The 17,500-seat arena will be the first professional sports venue powered completely by solar energy, will save about 1 million gallons of water a year compared to a typical venue of its size, was built with recycled material from the mall that stood at the site before construction began and will get 90 percent of its food and beverages from within 150 miles.

“We felt we had to set a new bar,” Ranadive said. “We have to be cognizant of the kind of planet we want to leave our kids and next generations. This had to be the greenest arena ever built. … I fully expect that arenas in the future will be even better, be even more sustainable. Hopefully what we have here is an example of how to build a great arena and still be responsible to the environment.”

Ranadive bought the team in 2013 for $534 million, saving the franchise from a planned move to Seattle. The next task was getting the new downtown arena built.

Ranadive wanted an “iconic” venue that would anchor a revitalized downtown and he believes the nearly $600 million facility that opens this weekend has achieved that goal.

The arena is part of a $1 billion development project that includes 1.5 million square feet of mixed-use property that will have a hotel, restaurants, retail shops, offices and condos. About $500 million in outside investment is also expected in the area.

“This arena is the 21st century cathedral,” Ranadive said. “It’s the communal fireplace where people used to gather in old times. For us, it’s always been about more than basketball.”

Befitting a team owned by a tech mogul who made his billions in Silicon Valley, the arena was built with enough technology to “future proof” it. It has enough bandwidth for a small city, allowing fans to post 250,000 Instagram photos per second and 500,000 Snapchats per second, according to chief technology officer Ryan Montoya.

It has the NBA’s first 4K ultra HD videoboard – providing a picture four times clearer than HD – that stretches 84 feet long. The in-stadium app will give fans the best driving instructions based on traffic and parking spots. It will allow them to order food or merchandise to their seat, watch live-streamed video on their phone and even place non-monetary bets on the outcomes of plays that can earn fans points that can be redeemed for prizes.

There will even be facial recognition software that will allow players to enter secure areas and could one day be expanded to fans if they opt in to that option, making a more “frictionless” experience.

“Our arena is more about code than it is concrete,” team President Chris Granger said. “The idea is to create a platform that allows us to grow and expand and change the fan experience as the technology adapts.”

Overseeing all of the technology is a mission control room that will feature law enforcement and emergency medical services personnel, building operations officials, social media and guest services workers and others who will monitor all aspects of the arena on game days.

Perhaps the most unique feature will be the hangar doors, which can open to allow the delta breeze to cool the building and provide the option for concerts – or eventually even basketball games – with an indoor-outdoor feel.

The Kings have had talks with the NBA about what conditions would need to be met before they could play a game with the open doors but the team believes it will be able to control the temperature, humidity and wind well enough to make the conditions on the court comparable to a fully indoor arena.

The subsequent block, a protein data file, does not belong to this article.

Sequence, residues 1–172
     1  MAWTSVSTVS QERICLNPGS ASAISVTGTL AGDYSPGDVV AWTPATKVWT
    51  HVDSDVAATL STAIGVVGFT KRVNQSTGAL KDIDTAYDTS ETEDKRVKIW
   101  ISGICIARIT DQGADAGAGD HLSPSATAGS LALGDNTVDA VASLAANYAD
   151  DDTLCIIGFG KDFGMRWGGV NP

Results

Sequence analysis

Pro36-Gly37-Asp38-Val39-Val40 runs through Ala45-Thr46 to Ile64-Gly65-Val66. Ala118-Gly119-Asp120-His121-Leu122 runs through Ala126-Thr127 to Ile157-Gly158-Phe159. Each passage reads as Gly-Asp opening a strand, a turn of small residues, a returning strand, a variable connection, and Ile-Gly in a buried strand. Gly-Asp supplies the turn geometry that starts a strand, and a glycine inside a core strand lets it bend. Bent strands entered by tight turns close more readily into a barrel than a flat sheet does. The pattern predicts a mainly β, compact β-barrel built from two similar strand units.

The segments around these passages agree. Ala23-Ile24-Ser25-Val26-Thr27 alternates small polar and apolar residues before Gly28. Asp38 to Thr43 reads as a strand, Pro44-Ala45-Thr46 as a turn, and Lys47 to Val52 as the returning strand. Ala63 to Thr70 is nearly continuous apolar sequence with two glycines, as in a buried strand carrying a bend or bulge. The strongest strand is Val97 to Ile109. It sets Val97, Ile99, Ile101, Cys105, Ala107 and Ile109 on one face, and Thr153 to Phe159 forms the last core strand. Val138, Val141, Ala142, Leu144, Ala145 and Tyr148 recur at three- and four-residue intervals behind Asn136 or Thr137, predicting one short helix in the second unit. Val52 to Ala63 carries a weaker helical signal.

The team plans to hold its open practice with the doors open and could do the same for an exhibition game against a non-NBA team. The Kings also could open the doors for college or high school games in order to gather enough data to show the league.

“They know we want a home-court advantage and they know that we want to enjoy the indoor-outdoor arena,” Ranadive said. “I fully expect we’ll figure out a way to get that home-court advantage.”

Chris Bosh on Heat’s young talent: ‘It’s their time’

CHARLOTTE, NC - APRIL 23:  Chris Bosh #1 of the Miami Heat talks to teammates Justise Winslow #20 and Udonis Haslem #40 against the Charlotte Hornets during game three of the Eastern Conference Quarterfinals of the 2016 NBA Playoffs at Time Warner Cable Arena on April 23, 2016 in Charlotte, North Carolina.  NOTE TO USER: User expressly acknowledges and agrees that, by downloading and or using this photograph, User is consenting to the terms and conditions of the Getty Images License Agreement.  (Photo by Streeter Lecka/Getty Images)
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Justise Winslow eventually wants his own team.

That day may be here.

LeBron James is with the Cavaliers. Dwyane Wade is with the Bulls. And now Chris Bosh – the last of the Heat’s big three still in Miami, embroiled in a dispute with the team over his health that likely has him moving on from Miami (and he’s not thrilled about it).

That said, Bosh sounds ready to defer to a younger generation led by Winslow and Hassan Whiteside.

In introducing his latest video, Bosh wrote this on his personal website:

I remember just a few years ago when the Big 3 were together and we were having a ball playing the game we love with some of the most professional, talented guys the NBA has ever seen.

I remember the fans of Miami coming out to see the show every night. The love, the compassion and the energy we felt was second to none. I want to thank the city of Miami from the bottom of my heart because things may change but the good times will last forever in my memories. Thank you!

Things are different now and Miami has incredible young talent with a tremendous upside. These are not only talented ball players but great people and friends. I enjoyed playing with those guys and doing my best to mentor them by being an upstanding role model and veteran player. It’s their time to go through the ups and downs of the game with this great city.

Bosh is not accepting that his career is over.

However, he sounds like a guy who likes the Heat’s young stars.